SEOUL — Last year, it was the NBA. Last week, it was India. And this week, China aimed nationalistic anger at the massively popular South Korean boy band BTS.

Some in China are calling for a boycott of BTS, after one of the band’s singers paid tribute to U.S. and South Korean troops who fought in the Korean War. The conflict is officially remembered in China as a war of American aggression in which Chinese troops died defending their North Korean socialist brothers.

The offending remark was made by BTS member Kim Nam-joon — better known by the stage name RM, or Rap Monster — in a recent acceptance speech for an award from the Korea Society, a U.S.-based nonprofit organization.

“We need to always remember the history of pain shared by the two nations, and sacrifices of many men and women,” he said, referring to the United States and South Korea.

The comment hit a nerve with some in China, coming as the country holds nationwide memorials this month for the 70th anniversary of its entry into the Korean War. From 1950 to 1953, China and North Korea fought South Korea, the United States and their allies to a stalemate.

“Chinese fans give you so much money each year, and you turn around and give it to the United States,” one Weibo user wrote. “What are Chinese fans then?”

Another wrote, “Nearly 200,000 Chinese troops died in the war. Every Chinese person must remember this number.”

What followed was the latest example of the pressure on global brands to toe China’s political line.

Samsung Electronics pulled a BTS-branded purple smartphone and ear buds from its official stores and other e-commerce platforms in China. South Korean auto giant Hyundai Motor removed advertisements featuring BTS from its Chinese social media outlets. Spokespeople for Samsung and Hyundai declined to comment on Tuesday, as did Big Hit Entertainment, BTS’s management label.

Suddenly, BTS had joined a long list of brands including Versace, Gap and Marriott that have triggered consumer blowback in China after — in the words of state mouthpieces — hurting the feelings of the Chinese people.

The kerfuffle sparked a media frenzy in South Korea, where BTS’s members are beloved K-pop heroes. A front-page headline in the mass-circulation Chosun Ilbo newspaper on Tuesday read: “China is censoring even BTS’ award acceptance speech.” The paper voiced concerns about Chinese fans’ BTS boycott as a deja vu of economic fallout from a missile-defense dispute in 2017.

Back then, South Korean companies suffered boycotts in China when Seoul embraced a plan to deploy the U.S. antimissile system known as Terminal High-Altitude Area Defense, or THAAD. Beijing banned tour agencies from selling package trips to South Korea and K-pop singers disappeared from Chinese television.

South Korea’s economy is heavily dependent on China, which is both its largest export destination and largest source of imported goods.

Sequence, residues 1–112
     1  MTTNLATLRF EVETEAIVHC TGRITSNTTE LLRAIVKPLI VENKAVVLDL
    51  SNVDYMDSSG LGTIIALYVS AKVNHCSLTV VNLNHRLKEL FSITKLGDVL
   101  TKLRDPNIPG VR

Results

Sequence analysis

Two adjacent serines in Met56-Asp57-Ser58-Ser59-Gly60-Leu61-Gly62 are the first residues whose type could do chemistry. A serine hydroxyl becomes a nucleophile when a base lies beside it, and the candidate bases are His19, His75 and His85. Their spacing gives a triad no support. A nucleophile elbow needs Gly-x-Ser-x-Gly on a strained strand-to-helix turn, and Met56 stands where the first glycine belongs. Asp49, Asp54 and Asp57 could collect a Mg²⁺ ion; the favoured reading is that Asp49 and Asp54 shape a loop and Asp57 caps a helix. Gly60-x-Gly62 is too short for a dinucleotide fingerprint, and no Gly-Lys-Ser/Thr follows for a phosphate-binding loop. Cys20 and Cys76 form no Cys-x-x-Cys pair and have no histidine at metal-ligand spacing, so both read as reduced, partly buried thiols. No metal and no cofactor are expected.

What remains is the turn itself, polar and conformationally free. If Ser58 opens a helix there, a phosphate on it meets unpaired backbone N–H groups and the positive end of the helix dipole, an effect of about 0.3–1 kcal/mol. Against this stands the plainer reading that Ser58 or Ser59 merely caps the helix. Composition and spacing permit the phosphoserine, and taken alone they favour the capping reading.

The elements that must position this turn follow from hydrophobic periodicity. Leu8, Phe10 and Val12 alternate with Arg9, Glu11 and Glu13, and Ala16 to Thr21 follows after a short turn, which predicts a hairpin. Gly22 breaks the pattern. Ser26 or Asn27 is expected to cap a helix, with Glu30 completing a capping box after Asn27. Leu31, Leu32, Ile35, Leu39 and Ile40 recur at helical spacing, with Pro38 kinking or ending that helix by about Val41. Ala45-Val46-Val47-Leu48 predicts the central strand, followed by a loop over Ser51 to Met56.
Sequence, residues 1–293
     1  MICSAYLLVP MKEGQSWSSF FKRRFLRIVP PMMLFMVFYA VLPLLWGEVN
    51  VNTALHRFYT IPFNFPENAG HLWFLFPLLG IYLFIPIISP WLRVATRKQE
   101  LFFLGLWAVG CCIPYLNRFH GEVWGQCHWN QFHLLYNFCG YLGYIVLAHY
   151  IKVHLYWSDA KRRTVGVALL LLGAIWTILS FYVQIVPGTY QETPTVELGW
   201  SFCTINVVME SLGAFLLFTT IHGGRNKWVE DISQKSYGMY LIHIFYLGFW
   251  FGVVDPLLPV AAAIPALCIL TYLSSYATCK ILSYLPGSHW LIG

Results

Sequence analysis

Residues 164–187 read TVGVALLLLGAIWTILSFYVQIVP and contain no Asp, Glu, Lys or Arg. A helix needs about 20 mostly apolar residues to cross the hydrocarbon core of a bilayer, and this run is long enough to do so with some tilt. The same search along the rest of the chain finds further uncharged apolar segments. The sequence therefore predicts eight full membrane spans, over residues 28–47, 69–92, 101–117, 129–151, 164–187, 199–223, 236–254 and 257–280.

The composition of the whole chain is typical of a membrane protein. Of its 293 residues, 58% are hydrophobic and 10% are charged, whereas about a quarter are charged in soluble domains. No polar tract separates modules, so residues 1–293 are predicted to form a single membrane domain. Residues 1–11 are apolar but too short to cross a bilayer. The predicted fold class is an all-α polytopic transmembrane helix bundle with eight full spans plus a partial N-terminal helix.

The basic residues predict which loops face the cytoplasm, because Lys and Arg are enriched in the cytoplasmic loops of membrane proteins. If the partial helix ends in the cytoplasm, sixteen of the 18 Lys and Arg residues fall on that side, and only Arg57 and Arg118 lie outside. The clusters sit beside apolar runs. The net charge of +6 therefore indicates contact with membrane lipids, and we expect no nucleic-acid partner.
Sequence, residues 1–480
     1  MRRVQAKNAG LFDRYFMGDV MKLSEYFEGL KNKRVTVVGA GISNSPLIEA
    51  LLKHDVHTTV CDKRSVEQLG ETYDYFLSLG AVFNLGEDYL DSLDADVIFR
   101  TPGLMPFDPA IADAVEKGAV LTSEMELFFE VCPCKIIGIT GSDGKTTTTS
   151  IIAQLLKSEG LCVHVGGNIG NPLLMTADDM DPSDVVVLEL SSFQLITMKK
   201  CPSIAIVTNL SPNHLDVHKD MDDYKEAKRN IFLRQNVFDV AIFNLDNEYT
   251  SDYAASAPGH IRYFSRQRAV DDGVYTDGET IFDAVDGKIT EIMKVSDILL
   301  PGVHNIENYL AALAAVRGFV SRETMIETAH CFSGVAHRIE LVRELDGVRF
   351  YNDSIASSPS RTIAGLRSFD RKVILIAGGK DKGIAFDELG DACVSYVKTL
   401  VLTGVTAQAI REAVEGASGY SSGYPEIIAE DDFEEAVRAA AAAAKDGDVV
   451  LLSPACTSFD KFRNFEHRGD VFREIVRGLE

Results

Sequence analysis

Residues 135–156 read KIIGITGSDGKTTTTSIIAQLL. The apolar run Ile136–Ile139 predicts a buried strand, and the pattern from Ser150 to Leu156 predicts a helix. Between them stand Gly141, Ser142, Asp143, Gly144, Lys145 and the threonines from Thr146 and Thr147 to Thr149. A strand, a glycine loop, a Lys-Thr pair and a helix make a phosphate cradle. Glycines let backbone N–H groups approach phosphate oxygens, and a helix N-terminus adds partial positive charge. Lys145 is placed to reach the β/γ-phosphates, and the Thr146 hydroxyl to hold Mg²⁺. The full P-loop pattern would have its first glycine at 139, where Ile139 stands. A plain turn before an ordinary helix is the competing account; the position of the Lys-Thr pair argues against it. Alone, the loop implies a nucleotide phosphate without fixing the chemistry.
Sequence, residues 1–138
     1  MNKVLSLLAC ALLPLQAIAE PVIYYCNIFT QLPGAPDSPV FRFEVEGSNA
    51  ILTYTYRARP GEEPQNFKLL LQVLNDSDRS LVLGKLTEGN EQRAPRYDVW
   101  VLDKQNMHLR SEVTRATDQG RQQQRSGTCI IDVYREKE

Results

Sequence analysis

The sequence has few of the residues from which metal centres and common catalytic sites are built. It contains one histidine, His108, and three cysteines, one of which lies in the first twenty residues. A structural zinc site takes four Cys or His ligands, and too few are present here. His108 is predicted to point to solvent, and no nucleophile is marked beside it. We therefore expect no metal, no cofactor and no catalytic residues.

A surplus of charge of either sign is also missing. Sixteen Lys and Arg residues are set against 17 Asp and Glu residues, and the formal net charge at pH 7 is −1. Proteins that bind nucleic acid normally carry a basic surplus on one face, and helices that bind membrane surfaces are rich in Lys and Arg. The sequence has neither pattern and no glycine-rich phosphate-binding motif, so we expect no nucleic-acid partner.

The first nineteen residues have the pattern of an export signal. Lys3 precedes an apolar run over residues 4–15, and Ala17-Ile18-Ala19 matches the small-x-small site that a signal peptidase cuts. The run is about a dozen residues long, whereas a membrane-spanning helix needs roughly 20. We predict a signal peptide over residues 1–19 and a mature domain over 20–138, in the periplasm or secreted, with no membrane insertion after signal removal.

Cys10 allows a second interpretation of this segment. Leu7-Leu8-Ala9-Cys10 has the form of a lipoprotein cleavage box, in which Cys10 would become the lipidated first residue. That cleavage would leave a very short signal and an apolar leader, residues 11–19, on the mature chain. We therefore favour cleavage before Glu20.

“Although the BTS comment was as apolitical as it gets, these South Korean companies could not but fear repercussions given the fierce Korea boycotts in China following the 2017 THAAD row,” said Sung Tae-yoon, an economics professor at Yonsei University in Seoul.

Dorothy Solinger, a professor emeritus of political science at the University of California at Irvine, said part of the backlash was probably due to the view in China that the country had sacrificed for North Korea in the war.

“The Chinese leadership called upon Chinese soldiers to suffer and die for the sake of the Korean people,” she said. “What the band said sounds as if both nations were equally under attack.”

In China, the Korean War is referred to as “Fighting the Americans and Helping the North Koreans.”

North Korean troops crossed into South Korea in June 1950, prompting the United States to come to the South’s aid. China entered the war in October of that year, after U.N. forces pushed back into North Korea and toward the Chinese border. The fighting ended with an armistice that was never replaced by a peace treaty, leaving the Korean Peninsula technically in a state of war.

Amid the BTS uproar, popular posts online in China scoffed at young people chasing overseas fads while forgetting their own history.

“Your 28-year-old big brother is making money from Chinese people, but did you know 28-year-old Anying will lie forever in that battlefield?” one much-circulated quip reads.

That was a reference to Mao Anying, the son of Communist China founder Mao Zedong, who was killed at age 28 by an American airstrike during the Korean War. Despite the rhetorical flourish, BTS singer RM is not 28, but 26.

John Delury, a professor of Chinese studies at Yonsei University, said it was unclear how much genuine grass-roots outrage there was in China over the BTS comment. Chinese state-run tabloid Global Times appeared to have played a role in whipping up anger, he said.

“It’s such an innocuous statement,” he said, after watching a video of the BTS speech. “It’s so random.”

There were signs that Beijing was seeking to limit the scope of the controversy, especially as it courts South Korea’s support for its international policies. Asked about BTS at Monday’s Foreign Ministry briefing, spokesman Zhao Lijian gave a measured reply.

“I have noted relevant reports as well as the reactions from the Chinese people online,” he said. “I want to say that we all should learn lessons from history and look forward to the future, hold dear peace and strengthen friendship.”

And in a reminder that blowback from Beijing doesn’t last indefinitely, China resumed broadcasts of NBA games this past weekend after anger over comments about protests in Hong Kong.

Lyric Li and Liu Yang in Beijing contributed to this report.